- Establish Your Hypotheses
Take yourself back to high school science class, and channel your favorite lab partner. It’s important to determine what specific results you expect to see from these tests so you can identify success. For example, you might hypothesize that increasing your email send frequency from once a week to three times a week will increase your click-through rate by 35%, or perhaps it will increase the number of “wheat bread” leads that move to the prospecting stage as a result of your nurturing by 15%. Or perhaps you have an unnervingly high opt-out rate, and you think decreasing your email send rate from daily to every other day will also decrease your number of unsubscribes. You can (and should!) create more than one hypothesis to make the most out of these tests, and be extremely specific with the terms of your hypothesis.
- Choose a List Segment
Think of this as your sample size. Since your email list is already segmented (right?), select one segment that you will test, and ensure it is sizable enough to provide meaningful data. Make sure the list segment you select also aligns with the hypotheses you are testing. For example, if you are testing for an increased offer click-through rate targeted toward prospects, it isn’t wise to test on a customer list segment. Instead, you might decide to choose a sample (a sample, not the entire list) from your blog subscriber list that is not only sizable enough to provide meaningful data, but is also used to receiving emails with offers from you.
- Establish Baseline Metrics
Now that you know what you want to test and on whom, you can establish your current performance metrics for that sample. This step is crucial, because you need something against which to measure the results of your test. Note the email marketing metrics you’ll need in order to determine success in your test such as your open rate, deliverability rate, unsubscribe rate, and click-through rate for that particular sample. And don’t be afraid to expand your scope beyond traditional email marketing metrics to website performance metrics. For example, if you were to use the hypothesis of increasing an offer’s click-through rate, you would also be interested to know how many of the email recipients not only clicked through the email offer, but also completed the form required to obtain their offer.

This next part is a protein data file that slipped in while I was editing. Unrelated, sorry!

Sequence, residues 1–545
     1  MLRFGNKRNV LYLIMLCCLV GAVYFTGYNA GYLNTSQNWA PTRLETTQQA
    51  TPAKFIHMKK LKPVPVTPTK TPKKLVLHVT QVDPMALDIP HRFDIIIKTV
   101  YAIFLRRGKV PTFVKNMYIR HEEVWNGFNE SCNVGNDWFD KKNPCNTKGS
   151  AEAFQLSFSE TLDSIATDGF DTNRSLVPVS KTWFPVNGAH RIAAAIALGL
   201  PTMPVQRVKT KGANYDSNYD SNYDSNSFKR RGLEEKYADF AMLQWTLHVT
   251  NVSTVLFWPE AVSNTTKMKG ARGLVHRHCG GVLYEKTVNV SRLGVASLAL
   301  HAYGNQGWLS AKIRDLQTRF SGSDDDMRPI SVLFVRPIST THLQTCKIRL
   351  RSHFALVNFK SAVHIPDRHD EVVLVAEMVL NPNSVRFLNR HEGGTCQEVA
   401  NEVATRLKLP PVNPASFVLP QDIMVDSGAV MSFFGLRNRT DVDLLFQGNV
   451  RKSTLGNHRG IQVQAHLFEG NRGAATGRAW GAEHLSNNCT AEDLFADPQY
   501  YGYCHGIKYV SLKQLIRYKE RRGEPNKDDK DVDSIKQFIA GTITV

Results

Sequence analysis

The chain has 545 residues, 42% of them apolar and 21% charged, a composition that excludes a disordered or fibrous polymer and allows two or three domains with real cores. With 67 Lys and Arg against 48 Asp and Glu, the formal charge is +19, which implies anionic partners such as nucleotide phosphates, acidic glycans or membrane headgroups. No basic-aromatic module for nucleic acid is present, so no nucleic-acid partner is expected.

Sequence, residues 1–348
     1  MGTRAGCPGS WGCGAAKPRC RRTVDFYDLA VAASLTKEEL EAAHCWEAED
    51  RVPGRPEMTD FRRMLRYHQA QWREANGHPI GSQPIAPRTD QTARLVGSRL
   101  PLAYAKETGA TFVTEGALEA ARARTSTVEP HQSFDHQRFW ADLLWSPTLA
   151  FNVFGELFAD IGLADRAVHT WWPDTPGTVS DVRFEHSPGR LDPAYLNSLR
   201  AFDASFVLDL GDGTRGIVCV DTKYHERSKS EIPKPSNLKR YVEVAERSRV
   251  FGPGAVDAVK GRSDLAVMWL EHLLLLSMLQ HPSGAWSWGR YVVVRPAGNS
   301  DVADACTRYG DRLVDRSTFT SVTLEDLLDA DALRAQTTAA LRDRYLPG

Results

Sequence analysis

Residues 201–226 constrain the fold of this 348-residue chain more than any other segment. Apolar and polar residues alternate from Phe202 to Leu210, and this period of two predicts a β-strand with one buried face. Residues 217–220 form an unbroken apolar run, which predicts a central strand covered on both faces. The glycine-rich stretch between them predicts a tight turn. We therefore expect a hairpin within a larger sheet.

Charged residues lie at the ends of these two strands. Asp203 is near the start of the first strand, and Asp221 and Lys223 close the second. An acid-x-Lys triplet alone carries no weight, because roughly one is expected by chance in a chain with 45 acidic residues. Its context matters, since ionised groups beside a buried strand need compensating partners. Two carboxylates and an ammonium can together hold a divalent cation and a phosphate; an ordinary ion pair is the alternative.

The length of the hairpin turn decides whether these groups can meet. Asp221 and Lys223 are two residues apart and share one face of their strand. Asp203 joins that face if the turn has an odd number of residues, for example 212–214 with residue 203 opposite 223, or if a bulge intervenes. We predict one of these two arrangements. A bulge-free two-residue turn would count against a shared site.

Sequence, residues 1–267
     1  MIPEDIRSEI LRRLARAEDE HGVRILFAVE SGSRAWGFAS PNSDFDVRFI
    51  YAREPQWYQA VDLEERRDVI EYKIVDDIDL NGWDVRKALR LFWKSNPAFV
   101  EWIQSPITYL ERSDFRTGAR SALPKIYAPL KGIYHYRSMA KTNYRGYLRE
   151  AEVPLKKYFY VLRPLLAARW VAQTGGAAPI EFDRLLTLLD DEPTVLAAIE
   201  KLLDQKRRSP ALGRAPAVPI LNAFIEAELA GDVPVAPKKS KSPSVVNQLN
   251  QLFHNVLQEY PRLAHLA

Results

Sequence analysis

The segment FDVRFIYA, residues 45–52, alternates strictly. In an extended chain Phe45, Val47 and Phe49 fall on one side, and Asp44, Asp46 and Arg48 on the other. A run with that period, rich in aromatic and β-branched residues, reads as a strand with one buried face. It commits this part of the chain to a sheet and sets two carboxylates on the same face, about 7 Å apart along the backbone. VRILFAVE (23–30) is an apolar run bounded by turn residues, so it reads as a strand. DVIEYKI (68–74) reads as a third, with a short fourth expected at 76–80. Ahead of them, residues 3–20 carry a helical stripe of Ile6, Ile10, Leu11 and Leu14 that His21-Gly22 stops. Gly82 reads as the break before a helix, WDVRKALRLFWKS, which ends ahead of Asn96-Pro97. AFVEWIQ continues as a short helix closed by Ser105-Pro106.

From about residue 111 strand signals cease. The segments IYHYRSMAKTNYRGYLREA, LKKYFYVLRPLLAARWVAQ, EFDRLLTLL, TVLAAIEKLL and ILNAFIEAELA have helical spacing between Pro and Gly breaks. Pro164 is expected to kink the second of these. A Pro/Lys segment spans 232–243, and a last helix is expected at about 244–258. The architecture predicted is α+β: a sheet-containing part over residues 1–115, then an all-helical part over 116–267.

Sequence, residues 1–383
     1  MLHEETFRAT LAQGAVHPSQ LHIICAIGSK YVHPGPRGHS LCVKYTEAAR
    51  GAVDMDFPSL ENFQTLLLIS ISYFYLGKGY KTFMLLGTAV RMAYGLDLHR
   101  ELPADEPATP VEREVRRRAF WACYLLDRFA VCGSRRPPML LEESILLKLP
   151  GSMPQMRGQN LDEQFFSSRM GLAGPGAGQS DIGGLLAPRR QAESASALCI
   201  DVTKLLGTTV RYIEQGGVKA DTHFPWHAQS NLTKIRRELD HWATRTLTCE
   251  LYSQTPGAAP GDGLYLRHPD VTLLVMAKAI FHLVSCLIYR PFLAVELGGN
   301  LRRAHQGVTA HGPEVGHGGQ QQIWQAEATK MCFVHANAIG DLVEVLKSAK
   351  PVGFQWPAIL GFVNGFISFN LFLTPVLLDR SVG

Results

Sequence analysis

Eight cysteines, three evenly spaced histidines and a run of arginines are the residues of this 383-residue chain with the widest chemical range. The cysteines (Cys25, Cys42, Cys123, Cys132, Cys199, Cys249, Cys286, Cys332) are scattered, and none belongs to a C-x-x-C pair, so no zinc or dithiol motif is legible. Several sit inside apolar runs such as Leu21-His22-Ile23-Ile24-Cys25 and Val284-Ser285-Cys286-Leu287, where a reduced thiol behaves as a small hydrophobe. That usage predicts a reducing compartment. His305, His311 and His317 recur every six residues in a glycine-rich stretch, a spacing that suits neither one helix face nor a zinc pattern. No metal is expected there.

- Create and Schedule Your Test Emails
Create a handful of test emails to rotate through the list sample, following your regular email marketing best practices. Now is not the time to experiment with creative new subject lines, test a new sender in the “from” field, or create a new email template. These types of content changes can skew your results, and should be reserved for a separate set of tests. Once you’ve created the emails, schedule them for the sending frequency you outlined in your hypothesis. For tests that exceed a week in duration, be sure to select the same days and times so as not to add another variable to the equation, as time of day and day of week has been known to skew results. Again, this is an important test to perform, but reserve it for another time.
- Measure and Analyze Results
Measure your results against the hypotheses you established in the beginning and the baseline results you recorded. You should monitor results frequently throughout the experiment, too, so you can respond to any dramatic swings that may crop up because of your change in emailing frequency. Are the results you’re seeing positive? Do they confirm the hypotheses you’ve outlined? Do they allow you to increase your email send even more to see positive gains to your bottom line without sacrificing things like the size or quality of your list? Or is a decrease in sending what’s in order? Now that you have a new baseline for success, iterate off of it by beginning a new email test, whether for frequency, template design, subject line, message copy, offer content, or any other host of items you can test to make your email marketing more effective.